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Jailed Arizona Pastor Faces Probation, Unannounced Government Inspections

By Ryan Morgan

Washington, D.C. (August 14, 2012) - International Christian Concern has learned that Pastor Michael Salman is facing up to three-and-a-half years of probation as well as monthly government inspections for actions related to the Bible study he led in his Phoenix, Arizona home. Salman is currently serving out a sixty-day jail sentence after Phoenix authorities convicted the father of six of violating dozens of city code regulations normally applied to commercial properties.

Salman, whose arrest last month for holding a Bible study has sparked widespread controversy and garnered international media attention, is currently set to be released in early September. He then faces ten days of house arrest followed by three-and-a-half years of probation. Pastor Salman could also be forced to serve the remainder of his probation in prison if at any point he violates the terms of his probation, one of which bans Salman from having gatherings of more than 12 people at his home.

In addition, the city of Phoenix has reserved the right to carry out unannounced inspections of Pastor Salman’s property once a month in order to ensure that he is no longer holding Bible studies with more than 12 people. It was not immediately apparent if this number included Salman’s immediate family, which includes six children and Michael Salman’s wife, Suzanne.

The entire ordeal, which has seen the beleaguered Arizona pastor subjected to armed police raids, a $12,000 fine, and several weeks in a Guantanamo Bay-like prison camp, has stirred controversy over the possibility of zoning ordinances being used to violate citizens’ First Amendment rights to religious freedom.

In a recent posting, John Whitehead, president of the Rutherford Institute and one of the attorneys assisting in Salman’s case, pointed out that the zoning officials in Phoenix “had no problem with group gatherings for family reunions, football parties, Tupperware parties, or Boy Scout meetings.” He says that the “harassment” of Michael Salman by the officials began because they believed that “religious activities, even in the home, have to be governed by building codes for churches, rather than residential homes.”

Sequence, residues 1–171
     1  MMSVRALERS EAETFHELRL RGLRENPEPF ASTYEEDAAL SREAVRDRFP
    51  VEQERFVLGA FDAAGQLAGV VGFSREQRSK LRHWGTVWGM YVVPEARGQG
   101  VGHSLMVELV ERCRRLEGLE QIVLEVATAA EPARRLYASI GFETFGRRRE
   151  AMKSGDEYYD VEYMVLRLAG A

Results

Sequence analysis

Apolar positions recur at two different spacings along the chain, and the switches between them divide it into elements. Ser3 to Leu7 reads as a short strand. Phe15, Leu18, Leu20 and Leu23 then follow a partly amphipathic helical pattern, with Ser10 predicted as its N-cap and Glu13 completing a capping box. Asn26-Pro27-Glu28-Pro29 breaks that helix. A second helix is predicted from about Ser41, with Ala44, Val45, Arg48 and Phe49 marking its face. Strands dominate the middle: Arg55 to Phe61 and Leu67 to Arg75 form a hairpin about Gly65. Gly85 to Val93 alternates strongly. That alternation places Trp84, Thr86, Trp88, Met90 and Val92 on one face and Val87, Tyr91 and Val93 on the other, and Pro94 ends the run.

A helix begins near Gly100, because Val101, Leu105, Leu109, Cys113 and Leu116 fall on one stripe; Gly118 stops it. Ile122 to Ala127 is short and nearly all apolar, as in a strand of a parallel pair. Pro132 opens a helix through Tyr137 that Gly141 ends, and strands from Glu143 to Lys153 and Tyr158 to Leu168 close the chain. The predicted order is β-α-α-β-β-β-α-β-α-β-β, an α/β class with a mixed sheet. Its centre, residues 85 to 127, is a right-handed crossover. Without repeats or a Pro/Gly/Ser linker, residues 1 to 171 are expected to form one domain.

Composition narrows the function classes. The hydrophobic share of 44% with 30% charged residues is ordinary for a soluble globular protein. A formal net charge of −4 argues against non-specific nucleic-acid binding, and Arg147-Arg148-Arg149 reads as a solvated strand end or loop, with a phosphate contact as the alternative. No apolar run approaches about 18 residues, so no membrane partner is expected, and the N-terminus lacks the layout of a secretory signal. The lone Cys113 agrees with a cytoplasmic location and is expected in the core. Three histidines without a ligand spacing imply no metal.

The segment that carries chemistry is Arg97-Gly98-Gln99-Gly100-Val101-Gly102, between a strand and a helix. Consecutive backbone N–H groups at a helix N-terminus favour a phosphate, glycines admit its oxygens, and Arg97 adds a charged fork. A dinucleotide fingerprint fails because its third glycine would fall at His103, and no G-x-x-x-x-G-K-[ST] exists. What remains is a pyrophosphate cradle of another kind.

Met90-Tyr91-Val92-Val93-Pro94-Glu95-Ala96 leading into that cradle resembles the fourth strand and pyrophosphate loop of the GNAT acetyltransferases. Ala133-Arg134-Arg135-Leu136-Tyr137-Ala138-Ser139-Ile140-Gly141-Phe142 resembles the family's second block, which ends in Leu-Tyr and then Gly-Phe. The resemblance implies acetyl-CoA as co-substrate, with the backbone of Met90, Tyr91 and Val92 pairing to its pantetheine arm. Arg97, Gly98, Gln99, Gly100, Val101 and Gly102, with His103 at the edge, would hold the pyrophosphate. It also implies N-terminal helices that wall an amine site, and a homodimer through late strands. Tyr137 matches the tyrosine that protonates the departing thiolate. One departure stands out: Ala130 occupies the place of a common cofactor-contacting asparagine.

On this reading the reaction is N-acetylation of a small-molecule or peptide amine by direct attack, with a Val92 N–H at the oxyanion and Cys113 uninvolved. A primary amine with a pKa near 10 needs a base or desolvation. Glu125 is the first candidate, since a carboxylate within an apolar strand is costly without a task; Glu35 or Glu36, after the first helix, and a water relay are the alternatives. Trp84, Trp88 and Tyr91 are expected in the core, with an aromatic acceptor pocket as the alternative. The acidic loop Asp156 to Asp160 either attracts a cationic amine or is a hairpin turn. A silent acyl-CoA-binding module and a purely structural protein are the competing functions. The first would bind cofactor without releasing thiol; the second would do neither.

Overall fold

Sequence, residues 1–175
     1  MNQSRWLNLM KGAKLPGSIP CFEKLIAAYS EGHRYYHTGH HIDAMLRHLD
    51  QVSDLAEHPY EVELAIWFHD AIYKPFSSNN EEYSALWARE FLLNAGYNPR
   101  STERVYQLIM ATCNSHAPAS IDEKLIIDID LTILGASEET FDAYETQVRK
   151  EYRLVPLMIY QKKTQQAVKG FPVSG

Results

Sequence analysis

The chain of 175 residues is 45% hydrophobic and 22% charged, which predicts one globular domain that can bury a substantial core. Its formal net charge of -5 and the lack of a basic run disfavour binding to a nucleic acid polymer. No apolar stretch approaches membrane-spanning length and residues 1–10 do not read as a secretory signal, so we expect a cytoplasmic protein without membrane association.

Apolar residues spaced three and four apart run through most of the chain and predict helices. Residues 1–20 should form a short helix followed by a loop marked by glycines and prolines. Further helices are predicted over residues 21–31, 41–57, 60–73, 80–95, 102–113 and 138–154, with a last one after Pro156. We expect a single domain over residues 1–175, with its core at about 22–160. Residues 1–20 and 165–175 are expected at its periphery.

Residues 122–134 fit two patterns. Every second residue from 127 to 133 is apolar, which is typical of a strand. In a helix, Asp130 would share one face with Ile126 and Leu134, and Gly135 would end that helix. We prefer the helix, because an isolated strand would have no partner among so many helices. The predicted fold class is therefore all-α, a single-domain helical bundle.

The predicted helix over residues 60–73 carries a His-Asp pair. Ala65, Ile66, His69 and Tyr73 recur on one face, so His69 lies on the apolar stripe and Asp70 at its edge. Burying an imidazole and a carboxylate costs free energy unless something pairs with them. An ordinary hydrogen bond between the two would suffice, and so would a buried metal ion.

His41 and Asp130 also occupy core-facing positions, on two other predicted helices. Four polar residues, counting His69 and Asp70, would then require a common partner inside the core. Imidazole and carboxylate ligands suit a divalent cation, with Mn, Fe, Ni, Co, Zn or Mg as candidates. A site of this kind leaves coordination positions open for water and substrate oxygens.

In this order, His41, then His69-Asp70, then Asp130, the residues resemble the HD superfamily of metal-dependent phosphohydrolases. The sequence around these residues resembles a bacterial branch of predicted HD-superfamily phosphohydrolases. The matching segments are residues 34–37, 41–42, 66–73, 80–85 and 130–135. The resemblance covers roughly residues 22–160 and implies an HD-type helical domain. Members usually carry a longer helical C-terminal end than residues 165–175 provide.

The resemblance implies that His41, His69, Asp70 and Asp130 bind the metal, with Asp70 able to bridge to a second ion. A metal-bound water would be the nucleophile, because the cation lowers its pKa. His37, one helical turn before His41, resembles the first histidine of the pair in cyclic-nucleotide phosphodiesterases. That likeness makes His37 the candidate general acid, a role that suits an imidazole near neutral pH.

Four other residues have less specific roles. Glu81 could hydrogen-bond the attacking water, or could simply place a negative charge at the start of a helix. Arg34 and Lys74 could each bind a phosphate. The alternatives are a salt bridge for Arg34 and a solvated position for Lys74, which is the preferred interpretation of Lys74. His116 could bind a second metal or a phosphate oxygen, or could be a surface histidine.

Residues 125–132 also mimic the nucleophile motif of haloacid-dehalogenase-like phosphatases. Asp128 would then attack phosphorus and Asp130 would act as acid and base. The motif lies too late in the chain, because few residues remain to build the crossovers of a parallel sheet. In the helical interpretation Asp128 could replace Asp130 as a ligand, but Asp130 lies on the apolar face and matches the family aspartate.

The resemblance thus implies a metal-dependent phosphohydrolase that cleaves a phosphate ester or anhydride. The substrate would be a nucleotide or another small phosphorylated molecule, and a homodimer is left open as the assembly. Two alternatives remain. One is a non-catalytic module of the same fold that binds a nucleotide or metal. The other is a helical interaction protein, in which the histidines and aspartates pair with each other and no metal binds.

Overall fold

A somewhat similar controversy over properly applied zoning ordinances has recently been highlighted in the case of Opulent Life Church. The church, a small southern Baptist congregation located in rural Holly Springs, Mississippi, has taken its case to the 5th U.S. Circuit Court of Appeals after local city zoning ordinances banned the church from having a building on the town square.

Last September, a California couple, Chuck and Stephanie Fromm, were also fined for violating local zoning ordinances after holding Bible studies in their home. The fine was later refunded and zoning ordinances changed to allow for private religious gatherings after the incident sparked widespread outrage.

Meanwhile, Michael Salman’s family seems relieved that he will not be facing any additional jail time. After the judge’s order for three-and-a-half years of probation was announced, a Facebook post on a page related to Salman’s case read “Considering we were thinking it would be quite a bit more jail time, we are pleased with this outcome.”


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